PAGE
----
Archives for "October, 2014"

Oct 24, 2014


Here’s a little self-portrait / photogram composite and part of a larger installation I made at 19, the final of my darkroom class. I had taken my partially broken 35mm Canon to my favorite little cemetery, a tiny fenced in plot holding the 19th century remains of the Chamberlain family in East Albany, VT; I grew up on that family’s hill. I always felt comfortable there among the graves somehow, like their inhabitants could offer me some understanding from the depths of their silence over the heartbreak and health plagues that sought some comfort in trips home from college.

Grief burns no less at 19 than at later points in life. But at 19 MORE

Oct 11, 2014


I was just going through a stack of old snaps I’d taken with my film camera back in my early days in NY. I took this photo where I was living in Carroll Gardens, Brooklyn, on the morning of 9/11. My friend and roommate had just learned that she was pregnant with her first child, and was out jogging; it was my Dad’s birthday; and I couldn’t understand the tension I was feeling about getting dressed for work. Prior to being alerted, of course, to what was happening just across the river.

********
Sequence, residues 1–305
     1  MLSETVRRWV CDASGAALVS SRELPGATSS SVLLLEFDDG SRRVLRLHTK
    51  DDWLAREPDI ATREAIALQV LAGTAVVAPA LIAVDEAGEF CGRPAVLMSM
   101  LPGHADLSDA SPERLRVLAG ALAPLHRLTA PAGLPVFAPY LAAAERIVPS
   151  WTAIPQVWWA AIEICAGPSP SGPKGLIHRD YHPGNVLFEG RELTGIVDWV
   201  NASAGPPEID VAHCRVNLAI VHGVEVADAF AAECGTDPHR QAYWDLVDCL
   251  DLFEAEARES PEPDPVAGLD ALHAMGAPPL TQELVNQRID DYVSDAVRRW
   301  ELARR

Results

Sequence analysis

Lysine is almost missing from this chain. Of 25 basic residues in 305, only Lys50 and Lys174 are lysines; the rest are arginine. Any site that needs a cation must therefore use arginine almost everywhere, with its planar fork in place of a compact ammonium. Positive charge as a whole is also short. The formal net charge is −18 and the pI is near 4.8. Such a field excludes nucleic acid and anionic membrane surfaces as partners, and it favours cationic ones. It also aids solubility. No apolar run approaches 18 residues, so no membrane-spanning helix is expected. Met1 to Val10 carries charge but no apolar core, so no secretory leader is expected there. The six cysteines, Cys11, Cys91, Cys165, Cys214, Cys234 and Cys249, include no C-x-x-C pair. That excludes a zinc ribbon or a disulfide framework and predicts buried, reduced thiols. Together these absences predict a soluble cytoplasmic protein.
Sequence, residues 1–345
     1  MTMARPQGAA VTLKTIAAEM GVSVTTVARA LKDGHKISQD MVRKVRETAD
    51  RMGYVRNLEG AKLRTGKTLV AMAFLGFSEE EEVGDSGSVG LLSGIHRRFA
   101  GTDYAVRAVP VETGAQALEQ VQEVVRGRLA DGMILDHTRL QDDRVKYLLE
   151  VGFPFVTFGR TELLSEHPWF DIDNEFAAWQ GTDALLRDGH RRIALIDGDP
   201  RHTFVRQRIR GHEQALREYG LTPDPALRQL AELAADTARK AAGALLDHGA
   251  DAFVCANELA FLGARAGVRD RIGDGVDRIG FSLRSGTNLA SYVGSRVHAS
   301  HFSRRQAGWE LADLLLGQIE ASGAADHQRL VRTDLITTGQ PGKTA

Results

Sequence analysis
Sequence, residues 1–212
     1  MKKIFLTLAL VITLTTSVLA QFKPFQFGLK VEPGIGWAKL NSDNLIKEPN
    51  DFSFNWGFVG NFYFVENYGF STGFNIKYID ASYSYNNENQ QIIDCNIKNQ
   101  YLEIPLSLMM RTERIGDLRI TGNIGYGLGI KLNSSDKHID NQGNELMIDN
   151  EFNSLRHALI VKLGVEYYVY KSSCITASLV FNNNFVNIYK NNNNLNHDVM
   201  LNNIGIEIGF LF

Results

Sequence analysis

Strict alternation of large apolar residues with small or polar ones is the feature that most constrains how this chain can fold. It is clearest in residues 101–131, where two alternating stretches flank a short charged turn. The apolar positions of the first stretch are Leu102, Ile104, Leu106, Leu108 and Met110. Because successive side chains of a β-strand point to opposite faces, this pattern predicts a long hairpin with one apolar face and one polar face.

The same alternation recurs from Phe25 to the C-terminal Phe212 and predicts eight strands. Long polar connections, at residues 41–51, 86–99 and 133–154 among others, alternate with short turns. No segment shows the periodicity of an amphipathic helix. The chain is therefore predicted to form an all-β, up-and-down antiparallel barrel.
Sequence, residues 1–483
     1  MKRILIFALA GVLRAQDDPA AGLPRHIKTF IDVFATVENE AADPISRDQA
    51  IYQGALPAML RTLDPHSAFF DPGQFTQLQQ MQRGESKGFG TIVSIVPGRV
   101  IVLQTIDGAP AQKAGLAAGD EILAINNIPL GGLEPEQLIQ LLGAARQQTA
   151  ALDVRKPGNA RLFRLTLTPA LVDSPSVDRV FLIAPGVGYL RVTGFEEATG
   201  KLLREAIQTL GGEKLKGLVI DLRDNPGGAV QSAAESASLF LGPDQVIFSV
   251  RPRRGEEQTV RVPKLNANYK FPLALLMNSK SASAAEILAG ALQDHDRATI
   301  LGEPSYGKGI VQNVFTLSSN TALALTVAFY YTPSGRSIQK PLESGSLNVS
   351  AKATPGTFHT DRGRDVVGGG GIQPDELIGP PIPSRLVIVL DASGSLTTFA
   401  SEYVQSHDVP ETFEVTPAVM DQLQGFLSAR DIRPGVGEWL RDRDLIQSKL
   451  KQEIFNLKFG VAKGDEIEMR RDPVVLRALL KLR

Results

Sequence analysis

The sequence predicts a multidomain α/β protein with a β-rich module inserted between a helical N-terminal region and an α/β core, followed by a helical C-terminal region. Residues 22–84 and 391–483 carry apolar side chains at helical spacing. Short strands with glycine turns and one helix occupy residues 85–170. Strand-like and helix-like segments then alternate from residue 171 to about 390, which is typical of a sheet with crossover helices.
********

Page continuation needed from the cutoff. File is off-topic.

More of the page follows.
I went to the rooftop. Moving my camera from the point of terror upward (CLICK MORE to see it), I found myself shooting the soft and haunting abstracts of a sky whose crystal blue gradient was quickly, but quietly, being taken over by an aggressive courtship with brown, and with the off-white of only those things that are sick…

As a standalone shot (as with all things abstracted from their original sources of muck or stain) what really is happening here in this second shot as a resulting gem of this – the greatest blindside in our country’s experience – but a gorgeous pastel form? One I’m almost inclined to have printed on some bed sheet from a print-on-demand company soliciting from my inbox, so that I might wrap myself in the celebration of being a breathing, seeing enigma in a sea of breathtaking compositions emerging from even the harshest of tragedies. And stay wrapped in that, often.

I am willing to soak in the beauty that is the result of being blindsided. And I know about being blindsided.

Yet if I could feel this openhearted sensitivity about the skyline’s beauty on 9/11, why could I not arrive at that abstract bed sheet of smiles more easily when blindsided by betrayal in more personal a form? CLICK FOR MORE MORE